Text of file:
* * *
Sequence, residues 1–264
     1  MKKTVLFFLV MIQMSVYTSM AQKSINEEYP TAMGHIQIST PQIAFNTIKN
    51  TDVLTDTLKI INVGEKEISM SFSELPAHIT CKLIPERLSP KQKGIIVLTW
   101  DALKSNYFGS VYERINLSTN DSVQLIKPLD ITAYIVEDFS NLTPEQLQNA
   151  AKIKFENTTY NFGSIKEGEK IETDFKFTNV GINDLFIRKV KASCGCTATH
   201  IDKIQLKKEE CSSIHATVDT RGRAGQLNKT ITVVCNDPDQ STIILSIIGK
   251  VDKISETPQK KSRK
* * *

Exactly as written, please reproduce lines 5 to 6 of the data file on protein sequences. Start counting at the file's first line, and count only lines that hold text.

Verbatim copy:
   151  AKIKFENTTY NFGSIKEGEK IETDFKFTNV GINDLFIRKV KASCGCTATH
   201  IDKIQLKKEE CSSIHATVDT RGRAGQLNKT ITVVCNDPDQ STIILSIIGK